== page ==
When You've Lost Even Fox News...
Governor Pat McCrory may have assumed he was on friendly territory Thursday night but it became apparent quickly in was in for a tough interview. The North Carolina Republican has become the face of the highly-controversial and, many legal experts say, unconstitutional HB2, a wide-sweeping anti-LGBT law that bans transgender people from using public restrooms that conform to their gender identity.
After two minutes of explanation, Fo News host Megyn Kelly opens hard: "Governor, what was the fear that led to the enactment of this law?"
McCrory stuck to his talking points, again blaming the city of Charlotte for forcing state lawmakers to enact HB2. "I have no desire to be the bathroom police," McCrory claimed.
Kelly wasn't going to let McCrory steer the interview his way, interrupting him to state that HB2 applies to public restrooms. "But why?," she asked again. "What was the concern? What was the evidence, specifically, that led you to believe this was a problem?"
McCrory, again on his talking points, insisted HB2 was necessary to protect "an expectation of privacy."
Kelly reeled McCrory in, focusing on the main public conversation about HB2, restrooms.
"I've been in women's bathrooms my whole life," she quipped. "And we don't have the urinal situation. We got like the stalls. We get to go in, we do our business, and like it's not - we don't see each other. So why are you concerned about young girls exposing themselves or seeing somebody else exposed, in a women's bathroom?"
McCrory, angered, turns the conversation partisan.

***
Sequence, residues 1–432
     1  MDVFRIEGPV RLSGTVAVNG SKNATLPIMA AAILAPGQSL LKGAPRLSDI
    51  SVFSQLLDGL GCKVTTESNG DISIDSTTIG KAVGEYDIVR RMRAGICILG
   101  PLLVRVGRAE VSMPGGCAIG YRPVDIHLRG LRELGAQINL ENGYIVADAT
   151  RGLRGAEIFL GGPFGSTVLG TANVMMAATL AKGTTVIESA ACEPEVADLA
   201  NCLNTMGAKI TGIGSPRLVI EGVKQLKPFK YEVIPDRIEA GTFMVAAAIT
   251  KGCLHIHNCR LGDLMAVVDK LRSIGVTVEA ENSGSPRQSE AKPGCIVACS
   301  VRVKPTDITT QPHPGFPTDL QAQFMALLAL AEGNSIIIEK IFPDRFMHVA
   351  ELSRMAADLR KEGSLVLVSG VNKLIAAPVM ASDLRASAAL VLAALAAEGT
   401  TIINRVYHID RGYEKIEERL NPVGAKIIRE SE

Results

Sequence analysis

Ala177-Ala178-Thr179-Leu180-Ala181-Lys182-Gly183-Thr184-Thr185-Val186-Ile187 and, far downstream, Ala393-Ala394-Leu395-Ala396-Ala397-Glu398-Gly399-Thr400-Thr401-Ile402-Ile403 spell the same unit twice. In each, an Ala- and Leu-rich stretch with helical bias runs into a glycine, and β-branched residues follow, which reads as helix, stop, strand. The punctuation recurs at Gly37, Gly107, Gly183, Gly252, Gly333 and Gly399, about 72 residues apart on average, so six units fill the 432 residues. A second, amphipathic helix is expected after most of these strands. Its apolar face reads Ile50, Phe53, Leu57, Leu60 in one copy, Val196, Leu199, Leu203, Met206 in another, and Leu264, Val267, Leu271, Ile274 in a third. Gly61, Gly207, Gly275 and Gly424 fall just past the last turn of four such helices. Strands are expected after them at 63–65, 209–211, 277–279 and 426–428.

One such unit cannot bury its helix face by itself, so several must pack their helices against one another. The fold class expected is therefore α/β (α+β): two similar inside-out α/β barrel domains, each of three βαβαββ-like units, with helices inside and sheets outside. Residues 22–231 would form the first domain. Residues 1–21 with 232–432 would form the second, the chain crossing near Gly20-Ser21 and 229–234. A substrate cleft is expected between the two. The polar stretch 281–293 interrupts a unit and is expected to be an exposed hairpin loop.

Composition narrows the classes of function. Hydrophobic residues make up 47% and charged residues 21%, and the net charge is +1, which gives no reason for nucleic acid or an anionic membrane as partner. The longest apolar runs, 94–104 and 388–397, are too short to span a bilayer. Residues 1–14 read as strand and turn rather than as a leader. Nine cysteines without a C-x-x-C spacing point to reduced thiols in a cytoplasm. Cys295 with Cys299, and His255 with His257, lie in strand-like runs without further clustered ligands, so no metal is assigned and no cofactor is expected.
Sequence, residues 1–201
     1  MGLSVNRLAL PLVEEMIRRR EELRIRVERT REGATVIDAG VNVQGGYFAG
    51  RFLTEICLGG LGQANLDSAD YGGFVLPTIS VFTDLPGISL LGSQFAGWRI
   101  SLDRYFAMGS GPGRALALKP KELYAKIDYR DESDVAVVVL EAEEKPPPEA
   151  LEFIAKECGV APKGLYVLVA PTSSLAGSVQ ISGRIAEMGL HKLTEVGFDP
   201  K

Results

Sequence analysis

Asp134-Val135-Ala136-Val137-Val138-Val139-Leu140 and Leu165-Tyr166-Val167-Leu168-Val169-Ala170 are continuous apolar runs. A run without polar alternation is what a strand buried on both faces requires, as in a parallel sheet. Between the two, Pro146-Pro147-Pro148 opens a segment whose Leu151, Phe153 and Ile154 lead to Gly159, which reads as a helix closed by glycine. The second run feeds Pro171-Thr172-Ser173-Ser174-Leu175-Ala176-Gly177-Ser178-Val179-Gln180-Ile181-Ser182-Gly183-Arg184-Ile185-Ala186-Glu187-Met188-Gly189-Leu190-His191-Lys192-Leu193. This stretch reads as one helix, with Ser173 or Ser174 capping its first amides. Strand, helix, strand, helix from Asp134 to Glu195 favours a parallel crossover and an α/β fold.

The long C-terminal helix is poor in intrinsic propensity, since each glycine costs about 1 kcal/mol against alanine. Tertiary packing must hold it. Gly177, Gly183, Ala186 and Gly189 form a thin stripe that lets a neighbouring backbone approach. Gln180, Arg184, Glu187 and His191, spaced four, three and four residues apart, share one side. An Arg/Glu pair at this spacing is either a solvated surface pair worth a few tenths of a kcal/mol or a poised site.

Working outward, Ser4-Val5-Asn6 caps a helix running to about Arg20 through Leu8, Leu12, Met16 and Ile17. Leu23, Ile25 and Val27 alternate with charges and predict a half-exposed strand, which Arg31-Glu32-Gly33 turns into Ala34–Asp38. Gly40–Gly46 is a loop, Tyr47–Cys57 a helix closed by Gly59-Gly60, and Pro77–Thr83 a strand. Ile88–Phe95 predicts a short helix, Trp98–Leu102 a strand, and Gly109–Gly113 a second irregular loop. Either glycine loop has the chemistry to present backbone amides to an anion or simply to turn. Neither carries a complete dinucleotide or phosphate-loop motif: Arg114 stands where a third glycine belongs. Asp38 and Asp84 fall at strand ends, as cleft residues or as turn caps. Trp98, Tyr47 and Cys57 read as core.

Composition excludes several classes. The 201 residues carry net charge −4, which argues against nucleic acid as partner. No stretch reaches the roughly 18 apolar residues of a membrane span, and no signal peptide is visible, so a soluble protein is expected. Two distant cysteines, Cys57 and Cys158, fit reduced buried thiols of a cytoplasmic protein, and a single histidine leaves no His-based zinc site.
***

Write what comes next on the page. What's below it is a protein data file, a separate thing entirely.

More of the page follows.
"Well first of all I can't believe we're talking about this. This is not an issue that I started. This is an issue the left started, not the right."
He went on to say that "the Obama administration is putting requirements on federal money that they also have to have this gender identification requirement for our schools."
"If you could get back to my question though," Kelly insisted. "The public restrooms that are maintained by the state, the question that many have is, what is your fear?," Kelly, again asked.
"Because you know, there is a misconception, that transgendered are somehow molesters - and they're not. That's not true. Typically, male molesters are heterosexual and if they want to sneak into a bathroom they'll do it. But 90 percent of the cases molestation happens with someone you know. So what is the fear with the transgender situation and the bathrooms?"
McCrory insisted he doesn't "like the rhetoric" coming from the right, but rather, again from his talking points, claims "it's a basic expectation of privacy."
An argument Kelly previously negated.
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